Barack Obama succumbed to the temptation last week in front of a huge, attentive audience for his State of the Union address. The president told the American people every child deserves a chance at an education. He said we have to “win the race to educate our kids.” And he reminded us that the quality of math and science education in the U.S. “lags behind many other nations.”

Whose fault is that? Last time I looked, the Department of Education was a government agency. If Obama believes in top-down policy, all he has to do is tell his bureaucrats to fix it.

The function of the Department of Education, according to its website, is to establish policy for education and to assist the president “in executing his education policies for the nation and in implementing laws enacted by Congress.”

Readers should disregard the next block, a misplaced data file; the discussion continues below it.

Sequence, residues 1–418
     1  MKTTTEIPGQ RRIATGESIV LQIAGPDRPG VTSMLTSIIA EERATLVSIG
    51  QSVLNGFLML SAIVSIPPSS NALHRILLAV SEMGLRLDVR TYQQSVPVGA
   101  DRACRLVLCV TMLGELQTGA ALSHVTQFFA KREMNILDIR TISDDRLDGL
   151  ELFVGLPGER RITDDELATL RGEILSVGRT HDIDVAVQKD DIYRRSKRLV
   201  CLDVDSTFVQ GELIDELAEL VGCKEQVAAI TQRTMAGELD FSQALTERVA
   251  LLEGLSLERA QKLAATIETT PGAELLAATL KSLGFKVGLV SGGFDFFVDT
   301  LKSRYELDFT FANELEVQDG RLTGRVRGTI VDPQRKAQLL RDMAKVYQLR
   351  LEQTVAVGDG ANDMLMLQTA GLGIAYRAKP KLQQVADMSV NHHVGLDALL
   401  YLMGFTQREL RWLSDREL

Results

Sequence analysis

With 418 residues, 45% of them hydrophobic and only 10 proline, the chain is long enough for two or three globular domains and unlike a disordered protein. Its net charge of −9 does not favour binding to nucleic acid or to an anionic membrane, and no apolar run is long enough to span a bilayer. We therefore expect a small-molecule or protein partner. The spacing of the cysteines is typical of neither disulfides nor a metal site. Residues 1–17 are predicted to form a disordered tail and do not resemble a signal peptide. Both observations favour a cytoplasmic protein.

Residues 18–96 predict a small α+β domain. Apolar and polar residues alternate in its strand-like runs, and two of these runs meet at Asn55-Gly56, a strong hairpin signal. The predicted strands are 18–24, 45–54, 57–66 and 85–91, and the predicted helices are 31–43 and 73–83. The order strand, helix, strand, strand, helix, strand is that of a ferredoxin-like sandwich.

Better education for our kids is a goal, not a policy.

The Education Department’s mission is to promote student achievement and prepare our youth for global competitiveness. Inspirational, to be sure. Where’s the policy to accomplish it?

Running in place. Between 1970 and 2007, inflation-adjusted spending for grades K-12 increased 190 percent without any noticeable improvement in academic achievement, according to Andrew Coulson, director the Center for Educational Freedom at the libertarian Cato Institute in Washington.

Education’s Cost/Benefit

“After $2 trillion and 45 years in the business of education, you’d think we’d have something to show for it,” Coulson said in a telephone interview last week. Instead of better student performance, all that money bought us “a lot more public school employees,” he said.